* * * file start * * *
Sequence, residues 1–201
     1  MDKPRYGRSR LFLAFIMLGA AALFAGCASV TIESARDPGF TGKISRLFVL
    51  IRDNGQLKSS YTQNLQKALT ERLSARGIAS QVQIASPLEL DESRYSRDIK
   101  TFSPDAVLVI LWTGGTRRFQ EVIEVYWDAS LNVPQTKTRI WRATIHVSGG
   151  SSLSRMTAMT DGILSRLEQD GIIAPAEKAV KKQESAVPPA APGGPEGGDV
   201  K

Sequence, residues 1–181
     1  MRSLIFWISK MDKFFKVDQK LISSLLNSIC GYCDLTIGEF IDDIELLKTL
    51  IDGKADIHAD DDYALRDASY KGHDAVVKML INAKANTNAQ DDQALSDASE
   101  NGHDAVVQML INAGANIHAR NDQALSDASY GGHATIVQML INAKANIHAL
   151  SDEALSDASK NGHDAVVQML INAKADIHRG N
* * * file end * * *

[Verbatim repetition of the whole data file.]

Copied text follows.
Sequence, residues 1–201
     1  MDKPRYGRSR LFLAFIMLGA AALFAGCASV TIESARDPGF TGKISRLFVL
    51  IRDNGQLKSS YTQNLQKALT ERLSARGIAS QVQIASPLEL DESRYSRDIK
   101  TFSPDAVLVI LWTGGTRRFQ EVIEVYWDAS LNVPQTKTRI WRATIHVSGG
   151  SSLSRMTAMT DGILSRLEQD GIIAPAEKAV KKQESAVPPA APGGPEGGDV
   201  K

Sequence, residues 1–181
     1  MRSLIFWISK MDKFFKVDQK LISSLLNSIC GYCDLTIGEF IDDIELLKTL
    51  IDGKADIHAD DDYALRDASY KGHDAVVKML INAKANTNAQ DDQALSDASE
   101  NGHDAVVQML INAGANIHAR NDQALSDASY GGHATIVQML INAKANIHAL
   151  SDEALSDASK NGHDAVVQML INAKADIHRG N